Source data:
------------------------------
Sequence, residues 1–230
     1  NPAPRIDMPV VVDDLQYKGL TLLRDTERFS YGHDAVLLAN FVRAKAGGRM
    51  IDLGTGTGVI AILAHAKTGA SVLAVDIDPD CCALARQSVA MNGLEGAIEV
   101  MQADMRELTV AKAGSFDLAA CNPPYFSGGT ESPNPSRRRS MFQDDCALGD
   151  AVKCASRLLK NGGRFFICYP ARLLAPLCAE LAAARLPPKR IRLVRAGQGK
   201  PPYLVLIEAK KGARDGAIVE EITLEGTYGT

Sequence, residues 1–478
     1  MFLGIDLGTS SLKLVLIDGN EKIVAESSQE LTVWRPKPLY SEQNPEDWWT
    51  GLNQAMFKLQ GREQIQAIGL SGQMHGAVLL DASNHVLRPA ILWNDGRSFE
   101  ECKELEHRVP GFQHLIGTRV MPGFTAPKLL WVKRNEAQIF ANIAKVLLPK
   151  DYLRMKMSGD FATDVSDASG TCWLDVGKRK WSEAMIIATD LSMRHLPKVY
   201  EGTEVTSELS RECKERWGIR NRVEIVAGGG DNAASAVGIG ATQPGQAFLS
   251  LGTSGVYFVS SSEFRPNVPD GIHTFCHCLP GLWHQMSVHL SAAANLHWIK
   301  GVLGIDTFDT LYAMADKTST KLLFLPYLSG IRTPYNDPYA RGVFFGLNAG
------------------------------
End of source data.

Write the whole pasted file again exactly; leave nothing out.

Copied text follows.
Sequence, residues 1–230
     1  NPAPRIDMPV VVDDLQYKGL TLLRDTERFS YGHDAVLLAN FVRAKAGGRM
    51  IDLGTGTGVI AILAHAKTGA SVLAVDIDPD CCALARQSVA MNGLEGAIEV
   101  MQADMRELTV AKAGSFDLAA CNPPYFSGGT ESPNPSRRRS MFQDDCALGD
   151  AVKCASRLLK NGGRFFICYP ARLLAPLCAE LAAARLPPKR IRLVRAGQGK
   201  PPYLVLIEAK KGARDGAIVE EITLEGTYGT

Sequence, residues 1–478
     1  MFLGIDLGTS SLKLVLIDGN EKIVAESSQE LTVWRPKPLY SEQNPEDWWT
    51  GLNQAMFKLQ GREQIQAIGL SGQMHGAVLL DASNHVLRPA ILWNDGRSFE
   101  ECKELEHRVP GFQHLIGTRV MPGFTAPKLL WVKRNEAQIF ANIAKVLLPK
   151  DYLRMKMSGD FATDVSDASG TCWLDVGKRK WSEAMIIATD LSMRHLPKVY
   201  EGTEVTSELS RECKERWGIR NRVEIVAGGG DNAASAVGIG ATQPGQAFLS
   251  LGTSGVYFVS SSEFRPNVPD GIHTFCHCLP GLWHQMSVHL SAAANLHWIK
   301  GVLGIDTFDT LYAMADKTST KLLFLPYLSG IRTPYNDPYA RGVFFGLNAG